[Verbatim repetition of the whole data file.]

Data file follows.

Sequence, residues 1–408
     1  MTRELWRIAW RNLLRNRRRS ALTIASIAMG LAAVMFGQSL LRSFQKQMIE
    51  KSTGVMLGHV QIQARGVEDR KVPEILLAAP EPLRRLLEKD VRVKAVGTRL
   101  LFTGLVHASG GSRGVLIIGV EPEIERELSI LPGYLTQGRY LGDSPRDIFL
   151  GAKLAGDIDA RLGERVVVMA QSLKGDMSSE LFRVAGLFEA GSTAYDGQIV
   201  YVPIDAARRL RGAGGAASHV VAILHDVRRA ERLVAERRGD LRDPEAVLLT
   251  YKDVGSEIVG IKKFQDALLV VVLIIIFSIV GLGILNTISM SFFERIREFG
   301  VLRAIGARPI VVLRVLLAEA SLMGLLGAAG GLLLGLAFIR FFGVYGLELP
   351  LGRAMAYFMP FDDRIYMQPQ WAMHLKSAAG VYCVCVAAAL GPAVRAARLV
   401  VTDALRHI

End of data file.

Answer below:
Sequence, residues 1–408
     1  MTRELWRIAW RNLLRNRRRS ALTIASIAMG LAAVMFGQSL LRSFQKQMIE
    51  KSTGVMLGHV QIQARGVEDR KVPEILLAAP EPLRRLLEKD VRVKAVGTRL
   101  LFTGLVHASG GSRGVLIIGV EPEIERELSI LPGYLTQGRY LGDSPRDIFL
   151  GAKLAGDIDA RLGERVVVMA QSLKGDMSSE LFRVAGLFEA GSTAYDGQIV
   201  YVPIDAARRL RGAGGAASHV VAILHDVRRA ERLVAERRGD LRDPEAVLLT
   251  YKDVGSEIVG IKKFQDALLV VVLIIIFSIV GLGILNTISM SFFERIREFG
   301  VLRAIGARPI VVLRVLLAEA SLMGLLGAAG GLLLGLAFIR FFGVYGLELP
   351  LGRAMAYFMP FDDRIYMQPQ WAMHLKSAAG VYCVCVAAAL GPAVRAARLV
   401  VTDALRHI